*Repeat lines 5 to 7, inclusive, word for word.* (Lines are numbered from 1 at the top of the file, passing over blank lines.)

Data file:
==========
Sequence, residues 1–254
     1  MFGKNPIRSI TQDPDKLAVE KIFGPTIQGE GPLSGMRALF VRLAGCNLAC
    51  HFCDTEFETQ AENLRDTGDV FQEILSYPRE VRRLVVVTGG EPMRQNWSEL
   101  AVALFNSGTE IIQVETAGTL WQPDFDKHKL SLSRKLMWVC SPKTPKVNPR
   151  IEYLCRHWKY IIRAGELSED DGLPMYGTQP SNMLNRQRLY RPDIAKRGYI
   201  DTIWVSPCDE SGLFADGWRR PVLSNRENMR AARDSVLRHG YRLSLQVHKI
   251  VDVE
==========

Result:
   151  IEYLCRHWKY IIRAGELSED DGLPMYGTQP SNMLNRQRLY RPDIAKRGYI
   201  DTIWVSPCDE SGLFADGWRR PVLSNRENMR AARDSVLRHG YRLSLQVHKI
   251  VDVE